My one quip- the old porn

My one quip- the old porn that Esther gives him does come up again, albeit briefly, later on, and I definitely recall her making a comment to him that yes, "everybody" watches it, but the porn coming out nowadays (specifically the porn he is watching) is all directed, all acting and is in no way related to reality. I do wish the film had touched on this a little bit more, rather than having only one, somewhat peripheral character bring up this issue. Other than that, I agree with this review.

Close but not close enough

I really liked this movie in many ways; it was cinematically beautiful, it had great symbolism, and the writing was good to. What I did not like was how shallow the females were. They were cookie cutter. The sister is only given one line. The mom is nothing but a stereotype-- over emotional, loud. I like Barbra because she was Jon's mirror with her addiction, but we didn't really know her as a person. Esther was there to help him grow and we got one line from her to explain why she was emotionally hurt. As to the bechdel test, it did not pass. It was close though. Jon's mom invites Barbra into the kitchen to talk to her. That was the perfect opportunity to have them share some dialouge about themselves.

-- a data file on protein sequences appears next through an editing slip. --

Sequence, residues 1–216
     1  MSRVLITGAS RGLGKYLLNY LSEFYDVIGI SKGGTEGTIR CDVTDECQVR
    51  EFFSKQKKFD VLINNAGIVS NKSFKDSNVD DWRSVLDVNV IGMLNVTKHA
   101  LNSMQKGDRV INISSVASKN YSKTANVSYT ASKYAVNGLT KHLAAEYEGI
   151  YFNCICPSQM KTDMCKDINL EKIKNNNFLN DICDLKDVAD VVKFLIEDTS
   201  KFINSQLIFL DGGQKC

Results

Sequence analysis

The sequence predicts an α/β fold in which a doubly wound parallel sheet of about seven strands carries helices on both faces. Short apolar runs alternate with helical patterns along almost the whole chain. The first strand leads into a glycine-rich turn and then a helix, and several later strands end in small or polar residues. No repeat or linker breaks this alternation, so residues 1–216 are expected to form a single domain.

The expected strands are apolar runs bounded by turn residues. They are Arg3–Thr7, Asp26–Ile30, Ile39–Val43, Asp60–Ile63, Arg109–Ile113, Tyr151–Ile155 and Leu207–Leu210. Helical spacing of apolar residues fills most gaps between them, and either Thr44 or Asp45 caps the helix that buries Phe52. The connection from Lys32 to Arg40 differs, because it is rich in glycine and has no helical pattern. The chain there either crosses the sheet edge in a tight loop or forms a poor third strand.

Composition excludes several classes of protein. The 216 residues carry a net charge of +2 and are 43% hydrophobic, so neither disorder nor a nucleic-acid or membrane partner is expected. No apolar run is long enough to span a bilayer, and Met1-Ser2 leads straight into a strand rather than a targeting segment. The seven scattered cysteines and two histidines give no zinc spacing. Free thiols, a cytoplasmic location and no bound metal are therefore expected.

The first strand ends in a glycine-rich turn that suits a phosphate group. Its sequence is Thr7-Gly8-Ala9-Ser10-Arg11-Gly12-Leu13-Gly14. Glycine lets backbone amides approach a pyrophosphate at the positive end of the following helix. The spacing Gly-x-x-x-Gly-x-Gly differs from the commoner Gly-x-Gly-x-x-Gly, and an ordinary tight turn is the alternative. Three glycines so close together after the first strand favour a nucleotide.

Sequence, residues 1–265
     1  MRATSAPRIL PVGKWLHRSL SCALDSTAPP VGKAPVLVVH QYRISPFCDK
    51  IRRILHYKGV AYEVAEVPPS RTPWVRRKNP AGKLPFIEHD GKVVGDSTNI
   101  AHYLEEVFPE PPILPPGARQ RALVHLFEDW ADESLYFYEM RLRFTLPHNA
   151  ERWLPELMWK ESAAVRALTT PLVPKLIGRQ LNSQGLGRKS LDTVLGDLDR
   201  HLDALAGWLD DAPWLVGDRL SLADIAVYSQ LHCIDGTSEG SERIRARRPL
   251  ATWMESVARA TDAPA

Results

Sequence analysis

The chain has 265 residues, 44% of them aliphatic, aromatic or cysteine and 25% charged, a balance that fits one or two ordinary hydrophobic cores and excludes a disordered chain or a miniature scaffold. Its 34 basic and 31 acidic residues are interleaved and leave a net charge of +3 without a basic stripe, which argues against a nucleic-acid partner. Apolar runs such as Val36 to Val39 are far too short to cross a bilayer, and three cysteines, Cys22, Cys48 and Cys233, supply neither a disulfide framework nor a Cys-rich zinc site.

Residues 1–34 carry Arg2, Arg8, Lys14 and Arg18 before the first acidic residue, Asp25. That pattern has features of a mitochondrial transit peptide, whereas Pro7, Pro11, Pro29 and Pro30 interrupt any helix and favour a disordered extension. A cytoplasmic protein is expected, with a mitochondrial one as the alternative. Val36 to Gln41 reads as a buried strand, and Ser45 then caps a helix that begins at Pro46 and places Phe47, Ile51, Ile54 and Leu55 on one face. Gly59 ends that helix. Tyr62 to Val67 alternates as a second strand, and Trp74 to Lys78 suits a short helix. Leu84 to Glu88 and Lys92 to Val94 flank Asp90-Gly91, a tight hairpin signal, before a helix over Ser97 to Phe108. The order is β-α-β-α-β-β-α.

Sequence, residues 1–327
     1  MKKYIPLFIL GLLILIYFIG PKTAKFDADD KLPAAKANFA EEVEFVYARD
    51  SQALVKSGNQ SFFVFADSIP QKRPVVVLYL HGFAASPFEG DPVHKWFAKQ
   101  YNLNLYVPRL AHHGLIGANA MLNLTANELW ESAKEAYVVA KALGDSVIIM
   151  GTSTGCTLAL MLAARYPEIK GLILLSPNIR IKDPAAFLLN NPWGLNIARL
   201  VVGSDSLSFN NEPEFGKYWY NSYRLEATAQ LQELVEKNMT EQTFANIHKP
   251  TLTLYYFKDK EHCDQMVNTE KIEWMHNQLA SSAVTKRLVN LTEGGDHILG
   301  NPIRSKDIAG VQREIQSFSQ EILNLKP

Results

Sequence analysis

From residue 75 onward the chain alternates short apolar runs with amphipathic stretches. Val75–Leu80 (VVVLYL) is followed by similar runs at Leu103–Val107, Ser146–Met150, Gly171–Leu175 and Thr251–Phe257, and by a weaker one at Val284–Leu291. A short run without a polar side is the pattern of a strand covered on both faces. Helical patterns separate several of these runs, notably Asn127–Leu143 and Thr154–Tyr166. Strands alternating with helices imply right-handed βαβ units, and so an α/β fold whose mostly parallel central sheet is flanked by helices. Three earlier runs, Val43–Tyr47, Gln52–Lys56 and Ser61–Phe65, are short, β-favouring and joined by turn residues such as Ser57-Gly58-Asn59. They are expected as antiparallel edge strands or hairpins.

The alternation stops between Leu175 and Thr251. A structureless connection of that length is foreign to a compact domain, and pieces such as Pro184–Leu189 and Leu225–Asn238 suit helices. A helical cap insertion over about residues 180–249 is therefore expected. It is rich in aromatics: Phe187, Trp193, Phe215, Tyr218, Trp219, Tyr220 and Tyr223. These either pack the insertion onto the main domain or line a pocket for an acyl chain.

It had a lot of good things but failed short.

Told from the 1st person

The film doesn't pass the bechdel test because there are no scenes without Jon. This is intentional on the part of the director, as it is a personal narrative about Jon's journey. It would have been very out of place for Barbara and the sister to talk at that point in the movie, since that would have been practically the only time we left focus on Jon.

I certainly agree that there not enough movies that pass the bechdel test, because there aren't enough movies with a female perspective rather than a male one, or from mixed points of view. However, this film was told from a male perspective, indeed one man's perspective, and it was better for that. The other men in the film are cookie cutter as well.

The bechdel test is meant to point out that movies systematically bias toward male points of view, and they do. However that doesn't mean that movies told from a man's point of view can't be good, or even feminist. This one is both, in my view.